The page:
JPMorgan analysing how to cope with zero interest rates, says Dimon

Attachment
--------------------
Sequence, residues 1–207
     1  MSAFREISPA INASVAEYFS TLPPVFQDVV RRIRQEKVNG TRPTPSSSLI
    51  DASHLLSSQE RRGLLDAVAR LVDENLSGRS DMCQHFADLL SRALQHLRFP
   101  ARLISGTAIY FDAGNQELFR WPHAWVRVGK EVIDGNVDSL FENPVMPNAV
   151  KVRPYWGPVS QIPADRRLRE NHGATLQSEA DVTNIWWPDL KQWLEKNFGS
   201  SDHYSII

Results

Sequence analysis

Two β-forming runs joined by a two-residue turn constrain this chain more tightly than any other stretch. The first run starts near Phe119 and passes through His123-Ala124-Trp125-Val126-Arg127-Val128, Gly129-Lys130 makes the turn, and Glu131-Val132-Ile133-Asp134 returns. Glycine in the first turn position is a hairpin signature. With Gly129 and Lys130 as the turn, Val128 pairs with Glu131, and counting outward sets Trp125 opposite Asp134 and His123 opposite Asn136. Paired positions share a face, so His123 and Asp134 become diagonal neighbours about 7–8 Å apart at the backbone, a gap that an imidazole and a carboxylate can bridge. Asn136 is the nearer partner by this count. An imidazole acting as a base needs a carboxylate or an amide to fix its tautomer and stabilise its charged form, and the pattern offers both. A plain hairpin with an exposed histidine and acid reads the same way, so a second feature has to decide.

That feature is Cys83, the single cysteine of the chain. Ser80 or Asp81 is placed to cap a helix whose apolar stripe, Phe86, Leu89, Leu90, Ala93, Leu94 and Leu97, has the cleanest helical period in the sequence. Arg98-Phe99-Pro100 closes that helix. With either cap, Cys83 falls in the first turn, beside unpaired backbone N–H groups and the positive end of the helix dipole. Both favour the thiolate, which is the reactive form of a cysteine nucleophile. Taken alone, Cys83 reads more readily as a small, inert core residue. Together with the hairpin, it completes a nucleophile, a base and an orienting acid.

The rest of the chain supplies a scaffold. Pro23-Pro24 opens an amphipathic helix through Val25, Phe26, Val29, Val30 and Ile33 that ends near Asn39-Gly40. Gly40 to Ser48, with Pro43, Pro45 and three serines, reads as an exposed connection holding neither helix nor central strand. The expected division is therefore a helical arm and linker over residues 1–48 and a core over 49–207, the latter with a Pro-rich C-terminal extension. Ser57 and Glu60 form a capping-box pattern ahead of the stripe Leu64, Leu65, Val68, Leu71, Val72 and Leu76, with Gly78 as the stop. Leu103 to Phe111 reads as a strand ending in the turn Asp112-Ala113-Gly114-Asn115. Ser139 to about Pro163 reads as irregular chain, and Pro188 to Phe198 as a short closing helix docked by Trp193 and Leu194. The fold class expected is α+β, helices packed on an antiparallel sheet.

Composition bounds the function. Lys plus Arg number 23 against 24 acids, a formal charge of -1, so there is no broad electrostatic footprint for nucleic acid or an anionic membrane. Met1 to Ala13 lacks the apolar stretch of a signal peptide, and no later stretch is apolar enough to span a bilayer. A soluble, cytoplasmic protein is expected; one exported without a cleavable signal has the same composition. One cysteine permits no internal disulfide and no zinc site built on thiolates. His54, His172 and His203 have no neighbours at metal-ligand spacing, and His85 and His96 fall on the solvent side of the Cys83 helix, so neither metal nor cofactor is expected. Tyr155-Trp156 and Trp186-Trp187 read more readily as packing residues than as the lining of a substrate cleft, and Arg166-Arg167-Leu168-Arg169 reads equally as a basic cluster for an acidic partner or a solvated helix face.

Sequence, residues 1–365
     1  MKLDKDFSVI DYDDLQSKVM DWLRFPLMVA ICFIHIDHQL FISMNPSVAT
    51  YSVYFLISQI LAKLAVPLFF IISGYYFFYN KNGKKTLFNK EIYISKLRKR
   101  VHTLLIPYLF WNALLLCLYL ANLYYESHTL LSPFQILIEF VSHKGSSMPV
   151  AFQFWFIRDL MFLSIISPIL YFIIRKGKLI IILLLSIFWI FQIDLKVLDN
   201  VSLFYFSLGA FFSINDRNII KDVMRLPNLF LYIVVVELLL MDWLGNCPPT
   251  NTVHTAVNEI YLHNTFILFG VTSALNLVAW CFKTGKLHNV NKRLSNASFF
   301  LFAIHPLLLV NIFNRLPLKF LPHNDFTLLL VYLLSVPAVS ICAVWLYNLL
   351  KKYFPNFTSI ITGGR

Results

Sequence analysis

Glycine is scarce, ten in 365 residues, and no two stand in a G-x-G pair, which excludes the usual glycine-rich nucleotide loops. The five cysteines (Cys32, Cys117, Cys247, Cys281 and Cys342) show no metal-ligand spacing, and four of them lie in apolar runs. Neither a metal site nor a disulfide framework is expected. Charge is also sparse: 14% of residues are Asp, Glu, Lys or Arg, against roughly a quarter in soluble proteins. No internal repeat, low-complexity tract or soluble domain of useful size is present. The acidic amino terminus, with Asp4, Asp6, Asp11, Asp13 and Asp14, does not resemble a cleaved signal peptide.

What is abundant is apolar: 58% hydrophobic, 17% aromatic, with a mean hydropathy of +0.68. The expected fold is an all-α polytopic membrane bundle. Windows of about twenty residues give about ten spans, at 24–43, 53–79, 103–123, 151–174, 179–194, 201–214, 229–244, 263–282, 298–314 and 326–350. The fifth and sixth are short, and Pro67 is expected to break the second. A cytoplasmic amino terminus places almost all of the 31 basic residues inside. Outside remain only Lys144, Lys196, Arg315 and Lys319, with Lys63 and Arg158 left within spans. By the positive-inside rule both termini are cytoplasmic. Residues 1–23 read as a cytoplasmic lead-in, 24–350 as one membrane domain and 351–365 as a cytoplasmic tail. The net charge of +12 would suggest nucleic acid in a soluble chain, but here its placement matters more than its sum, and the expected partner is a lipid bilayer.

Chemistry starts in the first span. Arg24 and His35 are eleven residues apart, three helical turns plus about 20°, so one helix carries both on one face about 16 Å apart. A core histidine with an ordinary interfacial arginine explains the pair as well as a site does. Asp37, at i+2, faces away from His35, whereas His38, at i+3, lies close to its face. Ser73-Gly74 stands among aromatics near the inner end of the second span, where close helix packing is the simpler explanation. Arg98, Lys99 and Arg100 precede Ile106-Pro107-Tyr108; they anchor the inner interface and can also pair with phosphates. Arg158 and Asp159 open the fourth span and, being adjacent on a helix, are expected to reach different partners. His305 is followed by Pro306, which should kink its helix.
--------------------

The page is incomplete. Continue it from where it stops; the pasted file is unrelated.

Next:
JPMorgan Chase, America’s biggest bank, is analysing how to cope with zero interest rates, chief executive Jamie Dimon told investors on Tuesday as he pulled back the bank’s estimate for this year’s net interest income. Long term US interest rates have fallen sharply in the recent weeks, as investors predicted the Federal Reserve would follow up July’s interest rate cut with several others. The Fed’s benchmark rate now stands at a range of 2.25 per cent to 2.5 per cent.“I don’t think you’ll have zero interest rates in the United States but we’re thinking about how do we be prepared for it,” Mr Dimon told the investors at Barclays’ financials conference in New York. He added it was “very hard” for him to envisage charging customers to hold their deposits, as some banks in Europe have done, mainly for corporate clients. “There are businesses that it (low rates) doesn’t affect and all and there are businesses where it sucks into your margin and there’s very little you can do about it,” Mr Dimon said, adding that JPMorgan will continue to grow deposits even if its margins fall.In July, JPMorgan Chase said its net interest income for 2019 would be $57.5bn, Mr Dimon said the bank now expected net interest income to be “a little bit lower” at around $57bn.JPMorgan’s third quarter trading revenues are running 10 per cent higher than a year earlier, but “we’re not jumping for joy” since 2018 wasn’t a great third quarter, Mr Dimon said. Investment banking fees are “about flat,” he added.Shares were up 0.8 per cent at $116.36 during lunchtime trade on Tuesday, the highest since mid-July.Several other bank executives have addressed the impact of falling rates and rate expectations this week. Wells Fargo chief financial officer John Shrewsberry further reduced the banks’ expectations for 2019 net interest income, to a 6 per cent decline, down from the 5 per cent decline expected a few months ago — a difference of about $500m. Wells Fargo is more sensitive than many peers to rate changes because of its large mortgage servicing business and its portfolio of high-yielding consumer debt, which it is selling off and must replace with low-yielding new loans. But Mr Shewsberry also noted “encouraging actions across the industry on deposit pricing,” including fewer promotional deposit rates. Lower deposit rates help protect banks’ margins when rates fall. Citigroup also trimmed its net interest income forecast this week, from 4 per cent growth to “closer to three to four per cent,” according to chief financial officer Mark Mason.He also said trading revenue would be down slightly from last year’s third quarter.Bank of America gave a more mixed view of trading on Monday, with equities doing “pretty well” but fixed income down slightly.US bank shares as a group have rallied almost 4 per cent since Monday as the yield on the 10-year Treasury has risen and the yield curve has steepened, indicating the possibility of lower pressure on banks’ profit margins.